After dominating the news cycle for weeks, the debt ceiling issue is suddenly resolved and the bond market doesn't seem to care. The jobs report proved to be far more relevant, but with half of it indicating a much stronger labor market and the other half saying the opposite, who's telling the truth and why did rates only pay attention to the bad (good) news?

Let's take one paragraph to put the debt ceiling to bed.  Last week's newsletter went into more detail on its relative unimportance--now confirmed by the absence of any major reaction after this week's Senate passage (and imminent signing this weekend).  The following chart is potentially confusing, but it attempts to show one line that only cares about non-debt-ceiling stuff (the green one), one line that cares a great deal about the debt ceiling (the red one), and finally, the blue line of 10yr yields to serve as a proxy for longer-term rates.  Bottom line: if the blue line correlates more with the green line, the debt ceiling wasn't a big deal for rates.

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On to the jobs report!  This month's installment showed much stronger job creation with payroll counts at 339k and more than 90k of upward revisions to the last 2 months.  Analysts were expecting less than 200k.  Super strong!

This month's installment also shows the unemployment rate ticking up to 3.7% from 3.4% last time, handily outpacing the 3.5% forecast.  Occasionally, movement like that happens when the labor force participation rate changes, but it was perfectly steady this time.  In other words, this is the opposite of super strong!

So who's lying?

The first thing to understand about "the jobs report" is that it is comprised of two separate data collection efforts.  One is a survey of regular old people that relies on individual responses (aka "household survey").  The other is a more formal, more systematized reporting of the number of payrolls at various employers (aka "establishment survey").  

The unemployment rate is derived from the household survey and nonfarm payrolls (NFP) comes from the establishment survey. 

These two data collection efforts are absolutely massive.  They are also highly regarded in terms of data integrity.  In other words, the average investor has complete confidence that the Bureau of Labor Statistics is publishing the exact same data it collects.  

Issues arise for a few reasons (sampling error, changes in seasonal adjustment factors, etc), but let's focus on the simple issue of "noise."  Sure, NFP was much stronger, but it continues to trend lower.

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This trend is easier to visualize if we take a 12 month average of the blue line as seen in the chart below.  While we're at it, let's look back into the pre-pandemic labor market to see a more stable baseline (note the incessant ups and downs in the payroll count from month to month, even while the orange line is flat):

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Zooming out also shows us that the jobs market is still finding its new normal after the lockdown shock of 2020.  If you have ever wondered about the impact of the pandemic on the fabric of the labor market, we can simply adjust the y-axis to "show all" and remove all doubt (same lines as above, but charting the entire range):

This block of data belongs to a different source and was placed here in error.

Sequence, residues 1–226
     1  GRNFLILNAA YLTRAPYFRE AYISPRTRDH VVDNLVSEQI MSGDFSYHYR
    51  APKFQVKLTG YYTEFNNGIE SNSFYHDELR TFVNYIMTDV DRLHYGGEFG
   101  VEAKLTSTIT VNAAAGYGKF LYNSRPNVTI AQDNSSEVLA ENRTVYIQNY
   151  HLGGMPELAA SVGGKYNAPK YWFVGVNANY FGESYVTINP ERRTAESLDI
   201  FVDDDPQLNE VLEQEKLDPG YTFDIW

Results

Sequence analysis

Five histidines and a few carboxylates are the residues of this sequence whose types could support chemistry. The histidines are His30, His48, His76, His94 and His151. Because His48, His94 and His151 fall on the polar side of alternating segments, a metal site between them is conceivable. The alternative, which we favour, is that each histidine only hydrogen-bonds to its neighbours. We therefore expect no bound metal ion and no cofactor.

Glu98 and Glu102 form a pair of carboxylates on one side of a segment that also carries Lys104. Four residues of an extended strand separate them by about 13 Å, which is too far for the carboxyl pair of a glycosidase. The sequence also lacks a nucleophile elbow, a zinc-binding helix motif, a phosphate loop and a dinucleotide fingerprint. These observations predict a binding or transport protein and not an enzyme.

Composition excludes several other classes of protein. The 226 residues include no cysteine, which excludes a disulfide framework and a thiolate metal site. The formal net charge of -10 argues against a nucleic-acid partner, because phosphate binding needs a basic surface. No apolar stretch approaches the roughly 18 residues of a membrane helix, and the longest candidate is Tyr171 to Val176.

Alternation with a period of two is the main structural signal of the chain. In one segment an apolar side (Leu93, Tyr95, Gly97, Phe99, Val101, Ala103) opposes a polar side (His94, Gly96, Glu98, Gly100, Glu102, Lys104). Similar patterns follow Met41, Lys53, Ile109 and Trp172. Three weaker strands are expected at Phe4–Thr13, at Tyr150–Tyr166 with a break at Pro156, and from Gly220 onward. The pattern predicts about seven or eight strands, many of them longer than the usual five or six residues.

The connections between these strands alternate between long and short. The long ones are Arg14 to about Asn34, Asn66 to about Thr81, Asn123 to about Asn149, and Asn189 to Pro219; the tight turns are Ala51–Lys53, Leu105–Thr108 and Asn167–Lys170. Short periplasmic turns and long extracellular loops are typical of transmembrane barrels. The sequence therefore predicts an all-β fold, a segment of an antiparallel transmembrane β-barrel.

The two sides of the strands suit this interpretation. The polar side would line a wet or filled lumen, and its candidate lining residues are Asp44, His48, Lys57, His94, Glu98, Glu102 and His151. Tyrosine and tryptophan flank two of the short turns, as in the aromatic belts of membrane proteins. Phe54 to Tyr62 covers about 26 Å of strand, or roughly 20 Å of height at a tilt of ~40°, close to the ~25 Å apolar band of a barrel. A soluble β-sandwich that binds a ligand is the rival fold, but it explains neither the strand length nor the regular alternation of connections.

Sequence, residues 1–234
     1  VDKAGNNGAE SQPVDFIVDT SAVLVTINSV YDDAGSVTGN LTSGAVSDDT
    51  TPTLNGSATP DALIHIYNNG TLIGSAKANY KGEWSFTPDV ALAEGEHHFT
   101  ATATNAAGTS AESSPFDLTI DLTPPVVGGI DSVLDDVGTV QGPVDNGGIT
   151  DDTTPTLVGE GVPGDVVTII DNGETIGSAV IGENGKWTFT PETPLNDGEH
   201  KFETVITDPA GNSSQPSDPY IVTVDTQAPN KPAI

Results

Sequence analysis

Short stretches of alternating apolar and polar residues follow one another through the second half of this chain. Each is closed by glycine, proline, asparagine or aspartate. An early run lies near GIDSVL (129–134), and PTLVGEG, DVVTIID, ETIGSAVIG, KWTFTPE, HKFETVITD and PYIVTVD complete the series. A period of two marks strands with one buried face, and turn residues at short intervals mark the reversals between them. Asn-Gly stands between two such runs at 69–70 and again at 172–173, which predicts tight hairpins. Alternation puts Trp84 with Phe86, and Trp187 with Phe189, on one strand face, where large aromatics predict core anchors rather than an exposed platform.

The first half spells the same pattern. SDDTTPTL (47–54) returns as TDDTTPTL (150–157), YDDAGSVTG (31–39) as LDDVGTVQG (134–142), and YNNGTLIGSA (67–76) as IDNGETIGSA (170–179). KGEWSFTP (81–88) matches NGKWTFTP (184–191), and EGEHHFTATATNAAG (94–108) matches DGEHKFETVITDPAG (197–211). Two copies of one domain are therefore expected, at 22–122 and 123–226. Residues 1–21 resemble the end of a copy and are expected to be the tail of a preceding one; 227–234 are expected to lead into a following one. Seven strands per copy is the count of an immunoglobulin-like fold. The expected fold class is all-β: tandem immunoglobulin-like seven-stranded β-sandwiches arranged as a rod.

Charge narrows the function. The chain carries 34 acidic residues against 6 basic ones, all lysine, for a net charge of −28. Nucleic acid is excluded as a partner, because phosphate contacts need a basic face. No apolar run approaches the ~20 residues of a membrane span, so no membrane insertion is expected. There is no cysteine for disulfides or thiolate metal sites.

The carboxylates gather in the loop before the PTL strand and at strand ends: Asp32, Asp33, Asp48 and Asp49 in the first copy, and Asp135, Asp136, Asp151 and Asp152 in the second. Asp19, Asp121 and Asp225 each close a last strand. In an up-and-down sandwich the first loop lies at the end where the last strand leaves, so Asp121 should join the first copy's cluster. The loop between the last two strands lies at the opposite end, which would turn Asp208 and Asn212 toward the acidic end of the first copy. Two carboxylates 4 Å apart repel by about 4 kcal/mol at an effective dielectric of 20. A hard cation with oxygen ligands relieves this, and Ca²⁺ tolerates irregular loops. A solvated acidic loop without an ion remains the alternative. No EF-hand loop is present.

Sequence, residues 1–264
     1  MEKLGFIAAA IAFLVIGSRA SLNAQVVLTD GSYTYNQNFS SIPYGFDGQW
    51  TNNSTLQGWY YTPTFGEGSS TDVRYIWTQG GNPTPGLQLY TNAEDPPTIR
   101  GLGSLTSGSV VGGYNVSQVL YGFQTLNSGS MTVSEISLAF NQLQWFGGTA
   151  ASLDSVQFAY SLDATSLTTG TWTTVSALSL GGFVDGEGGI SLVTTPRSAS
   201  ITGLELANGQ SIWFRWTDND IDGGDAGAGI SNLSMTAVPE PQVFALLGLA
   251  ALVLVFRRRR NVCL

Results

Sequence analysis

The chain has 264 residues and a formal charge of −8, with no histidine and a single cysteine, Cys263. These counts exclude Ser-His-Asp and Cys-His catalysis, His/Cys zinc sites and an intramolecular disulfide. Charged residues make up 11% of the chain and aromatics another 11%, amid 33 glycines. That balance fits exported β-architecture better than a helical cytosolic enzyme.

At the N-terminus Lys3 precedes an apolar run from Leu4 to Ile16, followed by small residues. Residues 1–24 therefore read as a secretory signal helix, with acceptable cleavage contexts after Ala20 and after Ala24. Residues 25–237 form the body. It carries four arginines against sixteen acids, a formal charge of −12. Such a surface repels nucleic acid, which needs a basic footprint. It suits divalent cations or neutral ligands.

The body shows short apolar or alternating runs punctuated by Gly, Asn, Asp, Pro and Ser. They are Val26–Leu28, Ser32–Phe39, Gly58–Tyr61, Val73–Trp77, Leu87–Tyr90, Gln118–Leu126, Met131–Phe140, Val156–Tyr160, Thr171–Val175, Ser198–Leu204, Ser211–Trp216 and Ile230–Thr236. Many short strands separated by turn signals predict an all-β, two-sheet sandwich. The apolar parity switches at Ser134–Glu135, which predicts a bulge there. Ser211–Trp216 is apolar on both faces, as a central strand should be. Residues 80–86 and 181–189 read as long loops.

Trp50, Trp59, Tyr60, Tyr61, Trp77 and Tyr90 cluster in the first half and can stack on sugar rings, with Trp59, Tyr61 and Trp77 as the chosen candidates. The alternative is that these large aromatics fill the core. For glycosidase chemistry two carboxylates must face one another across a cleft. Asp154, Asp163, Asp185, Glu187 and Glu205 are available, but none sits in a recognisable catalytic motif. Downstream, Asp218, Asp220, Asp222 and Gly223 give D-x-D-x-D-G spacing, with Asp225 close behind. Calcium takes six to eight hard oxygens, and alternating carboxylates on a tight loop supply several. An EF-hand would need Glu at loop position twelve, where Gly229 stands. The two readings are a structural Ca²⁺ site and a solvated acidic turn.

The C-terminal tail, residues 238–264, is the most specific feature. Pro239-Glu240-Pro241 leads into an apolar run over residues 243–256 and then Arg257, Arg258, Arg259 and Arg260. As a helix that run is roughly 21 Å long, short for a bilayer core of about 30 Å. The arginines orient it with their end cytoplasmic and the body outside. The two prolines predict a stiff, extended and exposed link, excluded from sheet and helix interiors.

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All that to say that we should expect volatility and inconsistency in labor market readings as the underlying statistical math adjusts to a still-evolving post-covid economy.

But why did the bond market take the side of nonfarm payrolls (NFP)?  In other words, why did rates move higher due to the job count instead of lower due to the uptick in unemployment (U/E)?

Simple! Market participants trust NFP much more than U/E to be a generally better early indicator of broad shifts in the labor market. Charts show why. Take the dot com recession as the first example of NFP clearly leading the way lower well before U/E. NFP bottomed almost 2 years earlier and peaked almost 3 years earlier on the other side of the recession.

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Similar patterns hold true for the adjacent economic cycles.

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Are there other reasons that help explain the mixed messages?  Could it be something other than "noise?"  Perhaps an excess of multiple job holders inflated NFP (1 person with 2 jobs counts as 2 payrolls). And could this in turn mean the labor market is weaker than it seems? Probably not.  The multiple jobholder category actually tends to rise when things are going well for the labor market, despite all the spin suggesting otherwise.

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All that to say that the part of the jobs report that the market cares about was indeed worth some upward pressure on rates this week.  Fortunately, the damage wasn't excessive.  In fact, rates ended the week noticeably lower than last week.  It was only Friday that saw a moderate uptick.

From here, the market's focus will increasingly turn toward the upcoming Fed announcement on June 14th.  Earlier this week, two separate Fed officials used the word "skip" to refer to the rate hike strategy. A skip is as good as a pause for financial markets, and a pause is the precursor to lower rates.  The only question is how long we wait for that cycle to play out. The market reaction to the "skip talk" is most easily seen in Fed Funds Futures, which essentially allow investors to bet on Fed rate hikes/cuts.  The chart equates to a lower chance of a rate hike on June 14th than seen last week.

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